Tuesday, February 21, 2006

I Ate the Meatballs...

...and they were good!

Waiting for baby can make you do strange things. Today the fam went on a field trip to IKEA. Now, Boy in the Bands has from time to time mentioned to me the magical goodness of its furniture selection, its prices, and, yes, its Swedish Meatballs. Others had forewarned me that the air-terminal sized establishment was...well... somewhat unusual. Still, I thought myself prepared. I have been to Jordan's Furniture in Framingham and seen its "Bourbon Street" show. I was wrong! Nothing in my sheltered existence had prepared me for the IKEA experience. Jordan's now seems a mere sidewalk stand to me. It was, truly, an amazing display of consumption and vaguely scandanavian design.

We were there looking for certain items for the baby-room and, of course, to sample the famous meatballs, but we gained so much more. For starters, my housewares spirit was lifted in a way it hasn't been since the demise of the DANSK Factory Outlet in Freeport, Maine. The cafeteria even had (albeit cheaply made) forks with three prongs! I used to work at Dansk and, some days, still miss it. Also, the music was total '80's. I know I will be old when IKEA stops playing Wham!!

I had so much fun, in fact, that had I eaten the meatballs yesterday, maybe I would have pulled for Sweden instead of Canada in the Women's Hockey finals...

...and speaking of the Olympics, has anyone noticed how angry some people are getting at Bryant Gumbel? Gumbel, whose sports show is the only reason I ever watch HBO, in a recent editorial had some rather strong words about the Winter Olympics.

Finally, tonight, the Winter Games. Count me among those who don’t like them and won’t watch them ... Because they’re so trying, maybe over the next three weeks we should all try too. Like, try not to be incredulous when someone attempts to link these games to those of the ancient Greeks who never heard of skating or skiing. So try not to laugh when someone says these are the world’s greatest athletes, despite a paucity of blacks that makes the Winter Games look like a GOP convention. Try not to point out that something’s not really a sport if a pseudo-athlete waits in what’s called a kiss-and-cry area, while some panel of subjective judges decides who won ... So if only to hasten the arrival of the day they’re done, when we can move on to March Madness — for God’s sake, let the games begin.

Now, I will leave it up to Bryant to explain what he meant here. However, I have to say that, as a person who tried--really tried--to watch this year, I am ready to have this over. My favorite moments included the Croatian Woman (Janica Kostelic) who skied with the flu, the Slovak men's hockey team, and the US Bobsled team (why is it Bobsleigh now?). My least favorite moment was when a comentator said that the Canadian women's gold medal was a "hollow victory" because they didn't play the Americans (they seemed happy enough to me).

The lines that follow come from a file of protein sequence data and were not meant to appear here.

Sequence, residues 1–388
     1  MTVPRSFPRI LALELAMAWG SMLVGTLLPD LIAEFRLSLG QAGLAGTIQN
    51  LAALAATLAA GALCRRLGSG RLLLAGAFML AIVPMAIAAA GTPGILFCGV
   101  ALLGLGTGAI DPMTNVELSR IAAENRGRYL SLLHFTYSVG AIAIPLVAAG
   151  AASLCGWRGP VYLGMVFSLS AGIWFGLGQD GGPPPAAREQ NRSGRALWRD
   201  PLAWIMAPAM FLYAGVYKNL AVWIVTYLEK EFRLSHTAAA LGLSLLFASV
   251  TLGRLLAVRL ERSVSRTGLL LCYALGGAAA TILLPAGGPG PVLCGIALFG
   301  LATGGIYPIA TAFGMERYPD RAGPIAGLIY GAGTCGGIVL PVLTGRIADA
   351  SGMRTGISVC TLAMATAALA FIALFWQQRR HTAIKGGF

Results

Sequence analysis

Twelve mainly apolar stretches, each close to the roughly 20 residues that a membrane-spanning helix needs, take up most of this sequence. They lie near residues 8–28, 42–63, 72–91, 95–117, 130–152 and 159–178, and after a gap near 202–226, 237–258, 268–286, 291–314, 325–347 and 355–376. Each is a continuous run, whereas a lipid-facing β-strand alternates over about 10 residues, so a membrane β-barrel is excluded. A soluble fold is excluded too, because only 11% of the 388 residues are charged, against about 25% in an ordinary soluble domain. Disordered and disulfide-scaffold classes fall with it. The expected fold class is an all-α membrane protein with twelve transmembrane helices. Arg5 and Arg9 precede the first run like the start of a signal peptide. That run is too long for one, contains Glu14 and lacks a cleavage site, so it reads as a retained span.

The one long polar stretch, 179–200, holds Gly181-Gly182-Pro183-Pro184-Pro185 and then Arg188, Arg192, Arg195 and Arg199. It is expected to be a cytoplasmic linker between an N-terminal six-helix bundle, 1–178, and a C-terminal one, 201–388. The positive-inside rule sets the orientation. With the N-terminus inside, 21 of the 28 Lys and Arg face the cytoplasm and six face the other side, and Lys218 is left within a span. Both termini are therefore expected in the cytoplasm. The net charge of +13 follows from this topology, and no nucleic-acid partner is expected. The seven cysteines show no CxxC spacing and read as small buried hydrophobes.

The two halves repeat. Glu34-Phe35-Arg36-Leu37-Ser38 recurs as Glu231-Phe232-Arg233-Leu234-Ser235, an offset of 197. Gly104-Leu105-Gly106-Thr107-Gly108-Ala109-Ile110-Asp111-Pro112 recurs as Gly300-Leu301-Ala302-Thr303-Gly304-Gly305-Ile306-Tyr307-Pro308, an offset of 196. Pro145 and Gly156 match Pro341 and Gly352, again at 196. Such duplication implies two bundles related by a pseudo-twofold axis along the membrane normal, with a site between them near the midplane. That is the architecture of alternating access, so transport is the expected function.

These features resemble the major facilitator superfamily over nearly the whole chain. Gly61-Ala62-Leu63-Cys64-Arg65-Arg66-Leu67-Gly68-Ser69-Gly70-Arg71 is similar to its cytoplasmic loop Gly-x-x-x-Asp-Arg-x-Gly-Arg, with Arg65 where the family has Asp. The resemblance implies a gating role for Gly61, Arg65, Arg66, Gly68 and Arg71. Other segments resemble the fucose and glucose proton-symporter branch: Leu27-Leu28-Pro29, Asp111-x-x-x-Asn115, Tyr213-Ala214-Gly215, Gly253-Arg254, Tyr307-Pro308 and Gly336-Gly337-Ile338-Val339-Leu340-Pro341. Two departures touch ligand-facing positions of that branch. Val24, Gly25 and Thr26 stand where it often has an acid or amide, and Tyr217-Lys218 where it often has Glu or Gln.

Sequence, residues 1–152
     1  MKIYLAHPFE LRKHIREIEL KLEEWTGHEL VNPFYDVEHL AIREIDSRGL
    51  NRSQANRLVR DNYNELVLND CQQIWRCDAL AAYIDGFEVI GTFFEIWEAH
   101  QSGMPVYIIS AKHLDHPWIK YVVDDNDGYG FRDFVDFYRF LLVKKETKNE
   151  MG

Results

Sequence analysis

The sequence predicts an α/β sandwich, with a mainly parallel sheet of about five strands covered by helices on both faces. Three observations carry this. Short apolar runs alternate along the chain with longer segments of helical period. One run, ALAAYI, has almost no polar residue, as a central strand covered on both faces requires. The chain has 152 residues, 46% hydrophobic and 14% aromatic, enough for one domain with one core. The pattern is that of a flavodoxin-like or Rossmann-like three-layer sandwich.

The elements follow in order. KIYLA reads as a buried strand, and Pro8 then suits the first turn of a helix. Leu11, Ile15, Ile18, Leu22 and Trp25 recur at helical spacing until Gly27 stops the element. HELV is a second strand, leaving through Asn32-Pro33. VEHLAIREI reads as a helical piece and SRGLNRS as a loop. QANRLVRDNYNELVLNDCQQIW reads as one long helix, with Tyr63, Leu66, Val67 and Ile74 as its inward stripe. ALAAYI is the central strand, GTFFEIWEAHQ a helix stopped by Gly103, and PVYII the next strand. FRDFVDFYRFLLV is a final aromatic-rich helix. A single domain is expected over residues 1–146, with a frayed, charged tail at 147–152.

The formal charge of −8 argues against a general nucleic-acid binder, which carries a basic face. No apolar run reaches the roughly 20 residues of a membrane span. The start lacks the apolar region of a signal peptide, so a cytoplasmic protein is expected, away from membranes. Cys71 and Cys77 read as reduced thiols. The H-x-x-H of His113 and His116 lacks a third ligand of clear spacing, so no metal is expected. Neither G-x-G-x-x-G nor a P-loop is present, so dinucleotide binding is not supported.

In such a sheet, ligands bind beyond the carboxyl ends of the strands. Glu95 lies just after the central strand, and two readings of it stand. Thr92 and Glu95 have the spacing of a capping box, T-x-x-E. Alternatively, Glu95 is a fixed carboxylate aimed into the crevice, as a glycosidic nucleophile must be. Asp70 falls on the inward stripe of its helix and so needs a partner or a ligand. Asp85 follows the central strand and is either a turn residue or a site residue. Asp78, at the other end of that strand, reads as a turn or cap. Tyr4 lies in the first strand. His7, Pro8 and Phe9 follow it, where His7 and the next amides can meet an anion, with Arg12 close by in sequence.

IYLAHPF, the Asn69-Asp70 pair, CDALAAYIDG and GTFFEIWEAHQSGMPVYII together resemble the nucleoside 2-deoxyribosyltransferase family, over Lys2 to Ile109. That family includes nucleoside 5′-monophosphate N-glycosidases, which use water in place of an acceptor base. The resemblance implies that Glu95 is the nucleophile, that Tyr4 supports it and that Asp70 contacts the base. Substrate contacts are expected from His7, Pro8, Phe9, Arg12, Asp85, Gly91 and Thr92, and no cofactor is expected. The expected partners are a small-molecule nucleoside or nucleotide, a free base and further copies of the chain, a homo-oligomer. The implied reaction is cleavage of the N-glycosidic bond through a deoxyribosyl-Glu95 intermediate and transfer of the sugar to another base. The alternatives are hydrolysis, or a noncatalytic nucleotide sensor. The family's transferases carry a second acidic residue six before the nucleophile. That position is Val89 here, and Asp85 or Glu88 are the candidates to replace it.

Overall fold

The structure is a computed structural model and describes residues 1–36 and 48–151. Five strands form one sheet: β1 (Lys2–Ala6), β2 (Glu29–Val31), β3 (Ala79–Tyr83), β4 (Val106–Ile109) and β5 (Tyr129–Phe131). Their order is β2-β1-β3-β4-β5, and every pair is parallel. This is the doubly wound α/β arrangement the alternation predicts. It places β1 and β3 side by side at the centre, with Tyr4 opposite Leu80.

The fact is, I do not ski. I do not play hockey. I went to a private high school (and then, briefly, Bates College, Gumbel's alma mater) in Maine where, frankly (and with a couple major exceptions), the kids who skied and played hockey weren't my favorite people. Some of them seemed to be a lot like Bode Miller (I do feel sorry for him), clueless and popular.

I was briefly impressed by the snowboarding, with its rebellious, non-conformist roots but, it seems that these roots are pretty much forgotten now. This is why we saw Lindsey Jacobellis put down for "showboating". Yeah, it was silly, but I am sure that her VISA contract will help console her. I did enjoy reading about Shani Davis, the first African-American man to win an individual gold at the winter games. But now, I am done.

Please, Bryant Gumbel, minor deity of sport, give me a call and we can talk about the NFL Combine, OK? I am ready, too...

Saturday, February 18, 2006


Last night I officiated at a very lovely wedding for a very lovely young couple. They were younger, even, than me! I have noticed that this happens more often lately... After the service, I was asked by a few congregants how I was doing. This had little to do with the service but with something else. As you may have gathered (and some of you already know), my wife and I are expecting our third child any day now.

When I say "any day", I of course am referring to the week-and-a-half before the due date when you just can't stand another moment. Everyone is exhausted (especially "Mrs. Unity") and all is in place. All there is left to do is wait. I have the week relatively off. Clergy readers will recognize this state as "On-Call" or "Study-Time". That wedding was the last set appointment on my schedule for some time. Now I must put the crib together, assemble the changing table, and distract the kids (it is February Vacation), while Terasa Schwartz and the Rev. Liz Magill cover for me in the pulpit. Come on kid! This is the time!